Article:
“We are going to put up a backup generator for power, because that is what really hampered us more than anything,” said John Yard, national sales vice president for Huper Optik USA (Huper Optik), with its corporate campus located in Harris County, as he recalled last week’s snowstorm. Huper Optik is moving into a new building it purchased as well.
Huper Optik lost power for three days, a main reason why Yard said that having a generator would “eliminate a lot of the issues the company faced this time.”
“The initial thought for everyone started out as ‘it doesn’t snow in South Texas, how cool would it be to get a little bit’? Then it went to these temps are going to be brutal. When we woke up and saw what we got was when it started moving more to survival mode and realizing this is going to be a bad week,” said Dave Duensing, Texan Glass & Solar Control president, located in The Woodlands, Texas.
Jonathan Thompson managing partner of SunSational Solutions, located in San Antonio and Austin, Texas, said all of his employees are okay and that the business was shut down for a week, as a result of the snowstorm.
Yard said that everyone “kind of got through” the snowstorm and there were several employees who had broken pipes in their homes. Many also lost power for several days and have started getting things back together and coming back into work.
“Of course we walked into a broken pipe Monday at the office and this is one of those once-in-a lifetime events,” said Yard. “And in times like this you find out funny little things, like the fourth largest city in the U.S., Houston, Texas only has two sand trucks so it’s not like we were prepared for ice and snow.”
Although you can’t plan for Mother Nature’s strike there are things businesses can do to prepare, like having constant communication with employees and customers. SunSational Solutions and Huper Optik have experience in communication during a disaster.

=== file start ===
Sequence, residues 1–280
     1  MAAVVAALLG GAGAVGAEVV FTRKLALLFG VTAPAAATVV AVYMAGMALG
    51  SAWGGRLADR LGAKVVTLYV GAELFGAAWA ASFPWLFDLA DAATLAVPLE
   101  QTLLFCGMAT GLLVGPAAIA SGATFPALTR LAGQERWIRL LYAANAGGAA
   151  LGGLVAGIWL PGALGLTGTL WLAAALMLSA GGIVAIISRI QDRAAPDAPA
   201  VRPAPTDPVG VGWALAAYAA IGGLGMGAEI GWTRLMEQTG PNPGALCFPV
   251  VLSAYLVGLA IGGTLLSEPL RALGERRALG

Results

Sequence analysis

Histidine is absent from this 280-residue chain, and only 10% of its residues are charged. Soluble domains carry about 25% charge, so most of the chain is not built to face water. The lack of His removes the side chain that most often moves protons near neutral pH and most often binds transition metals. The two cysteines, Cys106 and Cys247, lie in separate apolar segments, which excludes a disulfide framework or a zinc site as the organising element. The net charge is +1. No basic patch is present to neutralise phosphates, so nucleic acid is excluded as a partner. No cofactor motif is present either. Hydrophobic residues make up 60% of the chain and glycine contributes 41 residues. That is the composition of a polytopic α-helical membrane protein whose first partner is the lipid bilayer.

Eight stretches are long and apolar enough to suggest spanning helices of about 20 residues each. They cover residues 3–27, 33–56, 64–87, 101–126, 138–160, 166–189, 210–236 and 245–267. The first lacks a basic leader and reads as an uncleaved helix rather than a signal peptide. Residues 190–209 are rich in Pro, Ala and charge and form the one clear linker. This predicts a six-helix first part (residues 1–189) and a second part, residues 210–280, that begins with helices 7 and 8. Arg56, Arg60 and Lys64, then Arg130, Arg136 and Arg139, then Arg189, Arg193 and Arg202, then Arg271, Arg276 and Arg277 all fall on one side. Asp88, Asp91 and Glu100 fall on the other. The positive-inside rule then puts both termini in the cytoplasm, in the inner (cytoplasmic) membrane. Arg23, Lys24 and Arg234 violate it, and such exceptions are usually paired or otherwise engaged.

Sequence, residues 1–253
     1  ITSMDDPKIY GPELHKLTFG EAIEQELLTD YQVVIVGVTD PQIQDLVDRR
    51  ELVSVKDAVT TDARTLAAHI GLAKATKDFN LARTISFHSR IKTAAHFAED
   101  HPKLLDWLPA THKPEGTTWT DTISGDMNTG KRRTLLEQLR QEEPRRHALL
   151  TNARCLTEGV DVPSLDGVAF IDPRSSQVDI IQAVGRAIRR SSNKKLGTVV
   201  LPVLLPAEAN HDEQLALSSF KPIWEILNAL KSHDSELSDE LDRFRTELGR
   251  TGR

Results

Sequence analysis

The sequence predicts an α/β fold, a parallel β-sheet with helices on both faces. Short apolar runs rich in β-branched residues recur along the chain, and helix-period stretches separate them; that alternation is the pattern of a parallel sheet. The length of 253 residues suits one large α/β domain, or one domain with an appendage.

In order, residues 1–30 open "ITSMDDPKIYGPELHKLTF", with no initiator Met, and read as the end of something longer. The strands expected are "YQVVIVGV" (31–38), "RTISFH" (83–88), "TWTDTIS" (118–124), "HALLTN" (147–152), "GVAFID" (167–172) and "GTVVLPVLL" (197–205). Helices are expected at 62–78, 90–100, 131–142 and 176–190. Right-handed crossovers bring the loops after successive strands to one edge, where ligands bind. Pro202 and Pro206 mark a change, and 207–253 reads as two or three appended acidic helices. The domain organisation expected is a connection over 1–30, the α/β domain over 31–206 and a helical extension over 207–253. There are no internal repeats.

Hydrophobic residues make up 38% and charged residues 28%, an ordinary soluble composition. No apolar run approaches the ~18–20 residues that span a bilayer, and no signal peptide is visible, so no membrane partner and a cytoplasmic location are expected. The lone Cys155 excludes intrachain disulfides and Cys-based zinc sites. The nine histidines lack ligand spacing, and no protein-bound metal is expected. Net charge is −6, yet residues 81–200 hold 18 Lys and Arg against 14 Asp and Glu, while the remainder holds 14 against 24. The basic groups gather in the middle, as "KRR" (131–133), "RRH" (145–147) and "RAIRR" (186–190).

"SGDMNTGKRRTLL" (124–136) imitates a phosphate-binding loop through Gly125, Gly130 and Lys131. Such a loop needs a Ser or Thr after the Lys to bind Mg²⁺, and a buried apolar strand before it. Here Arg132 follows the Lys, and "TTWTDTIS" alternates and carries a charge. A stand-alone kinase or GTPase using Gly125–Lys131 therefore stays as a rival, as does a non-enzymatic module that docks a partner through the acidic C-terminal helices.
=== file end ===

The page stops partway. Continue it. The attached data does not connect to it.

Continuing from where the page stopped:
“One thing that was neat about COVID is that because we rely so much on communicating without everyone in the office, our business is very functional without everyone being in the brick and mortar location,” explained Thompson. “We were able to use those tools to stay in communication at that time. I think the lessons we learned in 2020 from COVID can be applied to situations like this pretty easily and companies can get through it.”
Duensing said that the business went through Hurricane Harvey in 2017 and had about four feet of water that ruined everything inside of the business. Last week had a similar slight catastrophic feel to it for him.
“Being raised in Nebraska, I understand ice and snow. The initial precaution we did over the weekend of the 13th-14th was to ground all company trucks and employees from coming into the locations,” Duensing explained. “We really had no idea if we would wake up to nothing, or ice or snow. In Texas a big problem is overpasses and bridges getting iced over and there is no means of salting or getting them cleared so it will shut the towns down. As things did melt a little and more severe cold hit, they ended up icing over worse so we were shut down Monday through Wednesday.”
He said the business had a partial crew working on Thursday and as the week continued things began to get closer to “normal.”
“We actually began putting systems in place four or five years ago that would allow for employees to work remotely,” explains Yard. “The makeup of our (Houston) office went from about 15 who worked inside of it to now about six to eight and the rest are spread throughout the country. We also have a phone system that allows us to work like we’re all in one building.”
He added that COVID has taught window film businesses that meeting face to face isn’t always necessary anymore, as technology allows communication across various platforms. The company’s communication and remote systems have paid off several times, according to Yard, as well as being able to pull materials from other warehouse locations.
“Our Houston, Texas location really died for a couple of reasons–number one there were three to four days where UPS not only wouldn’t pick up but they weren’t moving things out of the city,” said Yard.
To combat this issue he said the company was able to utilize other warehouses when transportation in Houston stopped.